Blackpool’s £15 hotel rooms and the ongoing row over the price being too cheap


Blackpool is famous for being cheap as chips. Affordable food and hotels that have seen it transform into a vacation destination people visit again and again.

But there are growing fears among hoteliers that discounted overnight rooms could actually damage Blackpool’s reputation. A quick look at booking sites will find you a room for just £15-£20 a night; a price that some say is not high enough to run a B&B or hotel to the standards they believe should be run.

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Ian Kennedy of The Avenue Guesthouse said cheap accommodation is not a new practice in Blackpool, but by charging low and failing to provide the standard people want these businesses are damaging reputations of the seaside town.

He says: “It’s commonplace in Blackpool. People are selling hotel rooms at these prices. Just before Covid there was a business that was doing rooms for £8 a night, and that’s a pretty good example because they went bankrupt. Apparently a lot of guests left without a room. It just goes to show that you are selling at ridiculously low rates which are actually detrimental to the hotels themselves.

“I think people selling at these ridiculously low prices are kind of a flash in the pan. They come in and try to build a business and they fail because the quality is so bad. And then they just turned around. It there’s such a quick turnaround on these cheap places I think they’re detrimental to Blackpool because it gives rise to people saying it’s shoddy and all that when in fact there’s Fabulously good B&Bs and hotels in Blackpool.”

Ian says people often look for cheap accommodation to save money. But he said people who do are often bitten by poor quality rooms. He says: ‘I find people opting for the cheapest rooms are sort of stag and hen parties, people using the commentary ‘it’s just a bed for the night’ or people who are really trying to save so much money that it backfires on them because you see people on the street crying in tears because of the state of this accommodation.”

In recent years, LancsLive has spoken to dozens of disgruntled guests staying in Blackpool to be disappointed with their accommodation. Even those who choose to stay in some of the larger hotels have been disappointed.

Some hotel owners say they understand why companies are able to charge such low rates. Fossil Tree Hotel owner Chris Rinder told LancsLive he understands that different people have different business models.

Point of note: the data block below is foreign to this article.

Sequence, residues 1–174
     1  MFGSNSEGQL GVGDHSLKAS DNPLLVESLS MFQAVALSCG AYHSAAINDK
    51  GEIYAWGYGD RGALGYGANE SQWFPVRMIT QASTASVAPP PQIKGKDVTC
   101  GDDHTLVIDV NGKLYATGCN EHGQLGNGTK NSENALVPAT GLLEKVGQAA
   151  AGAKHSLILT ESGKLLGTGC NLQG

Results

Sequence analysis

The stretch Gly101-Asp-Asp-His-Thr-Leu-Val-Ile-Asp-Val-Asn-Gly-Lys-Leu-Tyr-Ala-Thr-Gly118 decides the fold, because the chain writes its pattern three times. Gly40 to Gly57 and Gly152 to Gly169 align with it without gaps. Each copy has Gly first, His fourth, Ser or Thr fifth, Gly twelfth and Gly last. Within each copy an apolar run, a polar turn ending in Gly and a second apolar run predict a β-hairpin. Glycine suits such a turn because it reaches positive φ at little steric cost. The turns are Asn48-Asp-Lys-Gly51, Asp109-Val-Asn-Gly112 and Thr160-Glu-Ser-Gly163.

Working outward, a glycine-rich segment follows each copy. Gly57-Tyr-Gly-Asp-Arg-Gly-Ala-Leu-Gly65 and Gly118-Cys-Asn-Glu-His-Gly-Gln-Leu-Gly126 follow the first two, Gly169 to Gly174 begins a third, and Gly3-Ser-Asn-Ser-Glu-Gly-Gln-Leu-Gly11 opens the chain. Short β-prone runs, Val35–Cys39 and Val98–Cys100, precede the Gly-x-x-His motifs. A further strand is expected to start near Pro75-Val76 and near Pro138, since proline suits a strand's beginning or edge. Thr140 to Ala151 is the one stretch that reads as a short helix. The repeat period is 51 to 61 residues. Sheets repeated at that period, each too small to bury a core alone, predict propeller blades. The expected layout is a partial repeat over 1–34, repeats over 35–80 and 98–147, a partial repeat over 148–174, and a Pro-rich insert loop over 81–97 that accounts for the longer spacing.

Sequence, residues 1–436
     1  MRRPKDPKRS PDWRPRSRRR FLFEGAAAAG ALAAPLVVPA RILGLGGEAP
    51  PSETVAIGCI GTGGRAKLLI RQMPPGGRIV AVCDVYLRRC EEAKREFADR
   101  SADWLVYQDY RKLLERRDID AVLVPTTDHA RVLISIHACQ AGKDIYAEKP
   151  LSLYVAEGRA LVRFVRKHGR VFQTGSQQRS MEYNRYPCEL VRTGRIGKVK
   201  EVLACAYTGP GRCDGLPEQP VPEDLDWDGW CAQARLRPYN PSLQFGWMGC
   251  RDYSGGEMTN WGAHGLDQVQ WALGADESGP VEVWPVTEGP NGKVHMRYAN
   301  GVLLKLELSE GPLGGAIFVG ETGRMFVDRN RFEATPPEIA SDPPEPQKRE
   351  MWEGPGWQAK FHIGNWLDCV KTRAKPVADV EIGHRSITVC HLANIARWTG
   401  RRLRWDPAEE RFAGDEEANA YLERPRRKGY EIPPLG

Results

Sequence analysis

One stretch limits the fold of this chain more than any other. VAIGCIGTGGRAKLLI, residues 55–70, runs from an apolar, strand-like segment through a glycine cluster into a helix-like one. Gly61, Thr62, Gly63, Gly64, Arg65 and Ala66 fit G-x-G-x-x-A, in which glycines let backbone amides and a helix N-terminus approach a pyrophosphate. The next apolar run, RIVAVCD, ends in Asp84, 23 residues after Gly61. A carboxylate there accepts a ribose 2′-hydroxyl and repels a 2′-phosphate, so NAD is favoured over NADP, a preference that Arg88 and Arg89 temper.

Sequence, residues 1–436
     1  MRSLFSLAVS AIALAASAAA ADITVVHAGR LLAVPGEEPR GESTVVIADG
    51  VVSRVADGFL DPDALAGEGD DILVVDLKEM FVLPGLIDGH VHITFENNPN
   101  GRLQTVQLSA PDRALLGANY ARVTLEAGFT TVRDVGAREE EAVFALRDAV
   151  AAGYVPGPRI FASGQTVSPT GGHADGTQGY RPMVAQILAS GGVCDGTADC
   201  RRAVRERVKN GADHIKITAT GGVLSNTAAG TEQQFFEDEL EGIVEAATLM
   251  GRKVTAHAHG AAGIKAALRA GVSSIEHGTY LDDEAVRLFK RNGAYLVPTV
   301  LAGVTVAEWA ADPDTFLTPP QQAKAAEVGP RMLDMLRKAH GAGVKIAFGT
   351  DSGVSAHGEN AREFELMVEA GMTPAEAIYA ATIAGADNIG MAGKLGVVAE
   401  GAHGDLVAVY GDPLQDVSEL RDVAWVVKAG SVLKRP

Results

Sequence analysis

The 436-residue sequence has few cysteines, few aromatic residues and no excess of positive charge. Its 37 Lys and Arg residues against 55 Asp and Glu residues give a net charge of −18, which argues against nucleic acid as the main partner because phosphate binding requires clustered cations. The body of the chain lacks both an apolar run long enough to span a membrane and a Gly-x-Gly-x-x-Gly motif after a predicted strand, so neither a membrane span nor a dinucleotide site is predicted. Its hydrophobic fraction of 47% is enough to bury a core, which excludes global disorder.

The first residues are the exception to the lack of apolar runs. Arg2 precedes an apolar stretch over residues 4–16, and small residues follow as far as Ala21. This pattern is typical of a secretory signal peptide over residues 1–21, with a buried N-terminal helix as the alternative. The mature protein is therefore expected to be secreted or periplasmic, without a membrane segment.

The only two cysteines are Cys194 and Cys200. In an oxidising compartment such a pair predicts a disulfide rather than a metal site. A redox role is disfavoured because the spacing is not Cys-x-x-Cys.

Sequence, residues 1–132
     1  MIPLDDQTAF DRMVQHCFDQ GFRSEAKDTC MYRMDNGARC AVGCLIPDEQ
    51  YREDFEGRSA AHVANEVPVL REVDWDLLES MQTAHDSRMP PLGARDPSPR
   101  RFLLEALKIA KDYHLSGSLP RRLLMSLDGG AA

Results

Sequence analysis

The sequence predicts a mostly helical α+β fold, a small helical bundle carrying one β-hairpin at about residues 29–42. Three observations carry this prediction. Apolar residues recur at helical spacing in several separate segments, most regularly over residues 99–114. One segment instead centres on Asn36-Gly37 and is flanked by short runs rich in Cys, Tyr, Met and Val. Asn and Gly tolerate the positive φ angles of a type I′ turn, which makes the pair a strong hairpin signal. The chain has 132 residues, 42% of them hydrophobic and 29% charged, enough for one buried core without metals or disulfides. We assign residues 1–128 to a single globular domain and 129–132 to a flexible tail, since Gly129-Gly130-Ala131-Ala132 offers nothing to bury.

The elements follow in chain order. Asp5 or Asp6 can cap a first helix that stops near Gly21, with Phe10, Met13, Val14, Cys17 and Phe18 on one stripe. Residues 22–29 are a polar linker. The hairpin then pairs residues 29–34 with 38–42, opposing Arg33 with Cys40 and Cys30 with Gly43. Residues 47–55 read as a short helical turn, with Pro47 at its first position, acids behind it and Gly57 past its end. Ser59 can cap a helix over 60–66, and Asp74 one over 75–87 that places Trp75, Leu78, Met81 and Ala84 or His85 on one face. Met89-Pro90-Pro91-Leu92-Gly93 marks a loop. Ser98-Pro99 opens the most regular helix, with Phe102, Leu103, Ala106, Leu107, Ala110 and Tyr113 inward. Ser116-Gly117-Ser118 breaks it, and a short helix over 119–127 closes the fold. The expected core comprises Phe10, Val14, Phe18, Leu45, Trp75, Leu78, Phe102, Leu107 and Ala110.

Chris Rinder, owner of the Fossil Tree Hotel in Blackpool, which won Best of The Best – placing it in the top 1% worldwide – from Tripadvisor.

He says: “I think if somebody can make a business out of it and if they can make a profit out of it, that’s great. Certainly the cost base that we have to clean and maintain means we’ll never be able to run our businesses at the rates they do, but they may have a different business model, so it’s difficult.

“My mantra is you get what you pay for. So if someone’s expectations are low, they pay for something cheap and that’s fine. But if the standards are high and you take something cheap, you’re probably going to be disappointed.”

Denise Ward, of Barton House Bed and Breakfast, had sympathy for those who charge low, adding that they had to operate on an incredibly tight budget.

She says: “I feel a little sorry for people who try to make it cheaper because I have no idea how they can do it. They just have to operate on a shoestring budget. We also have friends who have I have hotels that have staff doing business sometimes because they have to keep that staff on board we don’t have staff it’s just us so we’re the only ones going without if anything thing is happening.

“But if people are doing it and they’re subsidizing it themselves, which I think they have to be, they can’t go on for that long. They can’t go on. And I’ve decided we don’t We weren’t going that route. We keep our prices the same all year round, so we don’t inflate them like fireworks or summer or anything like that.